Photography- Mastering Snowy Scenes
Winter is a wonderful time for photography. When snow blankets the ground, views that you area used to seem fresh and new. Everything seems more clean and different under a blanket of snow. Unfortunately, when you try to snap a picture of a scene that has a lot of white snow in it, the resulting picture often looks grey and drab. What happened to that beautiful landscape that you saw? The problem isn't a physical defect in your camera, but rather the way your camera sees what you see. Even the most advanced cameras today still can't "see" a scene the same way your eye does. Let's take a look at why the camera makes your snow scenes grey and what you can do to get bright, white snow in your pictures.
The Camera Light Meter
If you use your camera to tell you what your exposure should be, there is something that you should know about your camera. Camera meters look at the available light in the scene and determine what shutter speed and aperture to use to get a proper exposure. Newer cameras are getting smarter every year about doing this, but they are still not as smart as you are.
Since a camera does not know which part of the scene is the most important, it has to make a guess. Traditionally, cameras were designed to meter to 18% grey. The thinking was that in an average picture, with maybe a couple people, some grass and some sky, the overall scene was about 18% grey. This results in a pleasing picture in most situations, but if your scene is predominantly white or black, it will still try to average the scene out to grey. This means your whites look grey and boring and your blacks are light, not dark.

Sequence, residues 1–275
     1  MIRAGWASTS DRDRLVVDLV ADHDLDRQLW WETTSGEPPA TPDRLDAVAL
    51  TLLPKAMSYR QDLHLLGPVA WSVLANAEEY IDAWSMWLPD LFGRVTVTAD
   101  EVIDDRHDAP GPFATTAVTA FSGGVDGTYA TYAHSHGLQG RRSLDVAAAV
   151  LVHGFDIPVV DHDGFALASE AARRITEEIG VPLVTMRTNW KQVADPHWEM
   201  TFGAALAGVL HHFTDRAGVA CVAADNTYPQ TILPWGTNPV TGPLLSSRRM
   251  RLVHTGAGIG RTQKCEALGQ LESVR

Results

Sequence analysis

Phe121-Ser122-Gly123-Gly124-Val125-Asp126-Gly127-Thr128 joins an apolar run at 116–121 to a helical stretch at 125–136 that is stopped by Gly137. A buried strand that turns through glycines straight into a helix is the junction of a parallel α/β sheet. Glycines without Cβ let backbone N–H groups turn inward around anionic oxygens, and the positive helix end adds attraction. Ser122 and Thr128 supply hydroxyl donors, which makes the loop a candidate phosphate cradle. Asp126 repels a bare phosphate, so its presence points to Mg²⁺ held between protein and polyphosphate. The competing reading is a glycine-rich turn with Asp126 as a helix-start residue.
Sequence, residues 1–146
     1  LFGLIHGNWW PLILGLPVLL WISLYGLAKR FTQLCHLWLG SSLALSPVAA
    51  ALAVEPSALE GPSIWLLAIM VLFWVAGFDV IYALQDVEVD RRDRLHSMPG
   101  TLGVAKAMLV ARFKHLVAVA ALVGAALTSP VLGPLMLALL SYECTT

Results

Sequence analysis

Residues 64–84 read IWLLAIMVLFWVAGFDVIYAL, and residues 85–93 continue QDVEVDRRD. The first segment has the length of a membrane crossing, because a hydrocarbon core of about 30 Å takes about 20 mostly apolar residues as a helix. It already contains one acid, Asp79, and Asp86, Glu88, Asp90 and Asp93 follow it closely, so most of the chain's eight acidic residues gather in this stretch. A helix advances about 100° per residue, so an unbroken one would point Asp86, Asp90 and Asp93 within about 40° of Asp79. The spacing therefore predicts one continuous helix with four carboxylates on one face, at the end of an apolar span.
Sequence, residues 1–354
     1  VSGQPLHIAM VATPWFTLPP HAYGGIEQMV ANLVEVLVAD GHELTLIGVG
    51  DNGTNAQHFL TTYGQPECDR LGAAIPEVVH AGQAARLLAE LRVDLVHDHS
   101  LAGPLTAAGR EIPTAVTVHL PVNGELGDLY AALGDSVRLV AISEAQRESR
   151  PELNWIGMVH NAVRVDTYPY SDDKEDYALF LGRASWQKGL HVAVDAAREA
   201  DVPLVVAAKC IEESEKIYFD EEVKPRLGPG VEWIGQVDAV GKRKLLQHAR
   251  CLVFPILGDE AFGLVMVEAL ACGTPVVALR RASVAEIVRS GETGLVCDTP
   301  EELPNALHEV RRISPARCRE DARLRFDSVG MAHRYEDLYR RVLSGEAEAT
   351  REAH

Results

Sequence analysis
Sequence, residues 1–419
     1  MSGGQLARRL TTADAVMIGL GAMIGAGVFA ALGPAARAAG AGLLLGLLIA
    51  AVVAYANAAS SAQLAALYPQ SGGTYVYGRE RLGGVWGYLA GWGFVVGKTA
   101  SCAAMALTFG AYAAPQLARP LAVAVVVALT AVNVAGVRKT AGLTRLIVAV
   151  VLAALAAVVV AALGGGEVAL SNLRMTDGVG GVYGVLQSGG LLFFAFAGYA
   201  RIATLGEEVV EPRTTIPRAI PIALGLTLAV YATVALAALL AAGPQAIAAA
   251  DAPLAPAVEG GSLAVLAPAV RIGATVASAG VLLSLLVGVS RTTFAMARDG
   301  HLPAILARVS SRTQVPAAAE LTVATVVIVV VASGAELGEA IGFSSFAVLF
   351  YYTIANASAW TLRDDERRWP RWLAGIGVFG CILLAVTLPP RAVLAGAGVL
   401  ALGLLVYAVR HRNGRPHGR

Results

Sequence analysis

Changing The Scene
When you recognize that your seen is mostly white, you will have to plan your adjustments ahead. This will depend on your camera and can be made easier with a digital camera. If you aren't familiar with some of the advanced features of your camera, you should break out the manual and see how to do these tricks with your camera. Each one is a little different, but other than lower end cameras, most should have the adjustments you need to take better pictures.
Since your camera is trying to underexpose your image to make it look grey, you will need to slightly overexpose the image to make them look white again. Check to see if your camera has an exposure compensation mode. This will let the camera choose an exposure for the scene, then you can shift it up (overexpose) by about a stop to make the whites look brighter. If the sun is out and the scene is really bright, you might need to use two stops of adjustment. You can use a manual mode the same way, let the camera tell you what exposure it thinks you need, then make your adjustments until it says you are over exposed by a stop or so.
You can use this when photographing other bright scenes, such as sandy beaches, reflective buildings, or anywhere else you notice that your images seem dark and dull.
Using Exposure Compensation For Blacks
As I mentioned above, your built in camera meter will also try to make a predominantly black scene grey. You can use the opposite adjustment from white scenes. If you notice that scene that was supposed to be black, looks grey, compensate by under exposing your picture. Instead of adjust the exposure up, you adjust it down. This should make those blacks look black!
If you have a digital camera this is made easier, because you can look at the picture on the LCD display and see how it turned out. Just remember that in a really bright or dark environment, the LCD may not look quite the same as it will on your computer at home.
Hopefully this will help you with your own photos. Next time you get a snow pictures that looks grey and lifeless, don't worry about it, use these tips to make it look fresh and bright, just like the scene you actually saw.
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